Most of the projects described involve collaborators from multiple states/countries and institutions who work in the field of animal and/or human reproductive medicine and sciences. A major objective for all of the programs, particularly for the international projects, is to transfer skills and technology so that our collaborators in the range countries of the species of interest can continue research and development on their own with the Center for Conservation and Research staff serving in an advisory capacity after the initial training and preliminary studies.
The Center for Conservation and Research Reproductive Sciences Department, in collaboration with the Omaha's Henry Doorly Zoo's Veterinary and Animal Keeper Crews, has developed techniques such as artificial insemination and in vitro fertilization for many species and maintains a bank of more than 20,000 samples of frozen reproductive cells from over 50 species. This exceptional program helped produce the first test tube gaur and gorilla, and the first artificially inseminated and test tube tigers. Currently, the program is working in conjunction with the University of Nebraska Medical Center to develop recombinant tiger hormones to increase the efficiency of these procedures in endangered felid species. The program also produced the first artificially inseminated snake species, and continues leading assisted reproduction efforts in captive gorillas by utilizing sperm sex-sorting techniques in order to skew the sex ratio to produce more female offspring. Current efforts also include projects to develop assisted reproductive techniques in amphibian species. All of these projects include an endocrine (hormone monitoring) component, to diagnose pregnancy or assess the results of novel treatment protocols by measuring reproductive hormone metabolites in urine or feces.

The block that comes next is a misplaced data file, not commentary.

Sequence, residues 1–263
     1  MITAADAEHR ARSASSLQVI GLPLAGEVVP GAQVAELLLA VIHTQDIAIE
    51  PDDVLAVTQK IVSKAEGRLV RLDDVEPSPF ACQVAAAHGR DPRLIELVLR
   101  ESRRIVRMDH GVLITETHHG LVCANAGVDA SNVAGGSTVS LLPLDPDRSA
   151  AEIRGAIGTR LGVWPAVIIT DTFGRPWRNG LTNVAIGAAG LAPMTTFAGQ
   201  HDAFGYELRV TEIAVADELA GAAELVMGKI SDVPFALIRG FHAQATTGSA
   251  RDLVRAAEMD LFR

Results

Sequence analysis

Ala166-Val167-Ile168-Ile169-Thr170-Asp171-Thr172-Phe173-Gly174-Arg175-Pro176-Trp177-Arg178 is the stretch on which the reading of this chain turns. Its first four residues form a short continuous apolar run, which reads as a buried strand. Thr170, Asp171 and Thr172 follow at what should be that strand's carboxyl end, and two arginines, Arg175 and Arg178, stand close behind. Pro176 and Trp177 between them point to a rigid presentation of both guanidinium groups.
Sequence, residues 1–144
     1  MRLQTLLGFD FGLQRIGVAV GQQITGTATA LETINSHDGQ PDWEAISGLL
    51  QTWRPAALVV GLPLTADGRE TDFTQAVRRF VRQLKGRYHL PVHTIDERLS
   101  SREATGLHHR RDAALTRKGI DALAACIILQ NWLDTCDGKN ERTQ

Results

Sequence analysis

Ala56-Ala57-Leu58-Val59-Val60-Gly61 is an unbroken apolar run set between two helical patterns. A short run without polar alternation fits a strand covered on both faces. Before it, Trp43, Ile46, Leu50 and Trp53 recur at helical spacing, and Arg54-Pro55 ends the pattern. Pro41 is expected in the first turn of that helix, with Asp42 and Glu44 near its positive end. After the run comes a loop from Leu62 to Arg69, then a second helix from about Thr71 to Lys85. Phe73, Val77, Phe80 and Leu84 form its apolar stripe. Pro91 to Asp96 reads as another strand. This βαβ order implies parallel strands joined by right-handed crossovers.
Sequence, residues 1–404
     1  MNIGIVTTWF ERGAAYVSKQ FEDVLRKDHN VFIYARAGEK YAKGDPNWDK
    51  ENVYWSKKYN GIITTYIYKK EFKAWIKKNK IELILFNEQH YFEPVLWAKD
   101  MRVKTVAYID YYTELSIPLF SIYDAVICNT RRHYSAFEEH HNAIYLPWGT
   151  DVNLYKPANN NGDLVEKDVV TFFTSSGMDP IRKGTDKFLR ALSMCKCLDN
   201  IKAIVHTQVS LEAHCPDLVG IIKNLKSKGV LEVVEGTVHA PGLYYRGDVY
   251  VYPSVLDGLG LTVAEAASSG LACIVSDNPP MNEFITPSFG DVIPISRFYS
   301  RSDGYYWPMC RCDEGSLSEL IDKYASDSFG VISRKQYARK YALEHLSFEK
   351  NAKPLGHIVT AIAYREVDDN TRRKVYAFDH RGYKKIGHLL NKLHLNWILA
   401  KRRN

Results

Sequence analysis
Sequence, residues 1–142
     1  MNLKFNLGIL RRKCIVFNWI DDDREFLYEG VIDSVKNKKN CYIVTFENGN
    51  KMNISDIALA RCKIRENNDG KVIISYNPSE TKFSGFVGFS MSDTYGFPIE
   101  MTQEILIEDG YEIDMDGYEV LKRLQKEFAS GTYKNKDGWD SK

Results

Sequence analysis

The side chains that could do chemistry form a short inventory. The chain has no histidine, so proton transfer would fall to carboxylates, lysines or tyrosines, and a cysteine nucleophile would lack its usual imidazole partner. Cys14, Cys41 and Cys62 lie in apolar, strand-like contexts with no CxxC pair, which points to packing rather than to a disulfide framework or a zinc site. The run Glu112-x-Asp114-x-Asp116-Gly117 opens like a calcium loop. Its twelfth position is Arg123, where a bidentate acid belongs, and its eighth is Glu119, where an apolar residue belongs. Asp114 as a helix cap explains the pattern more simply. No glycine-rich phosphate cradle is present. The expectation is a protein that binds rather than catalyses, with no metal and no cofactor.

The Reproductive Sciences Department's long-term program in South Africa is applying reproductive technology to a variety of indigenous species that include elephants, lions, buffalo and a variety of antelope species. The team has developed a dramatic new technology that removes disease-causing organisms from reproductive material which has been issued patents in the US, Australia and New Zealand, and is patent-pending in Canada and Europe. This new technology will not only benefit wildlife populations, by reducing the risk of disease transmission, but also livestock and humans.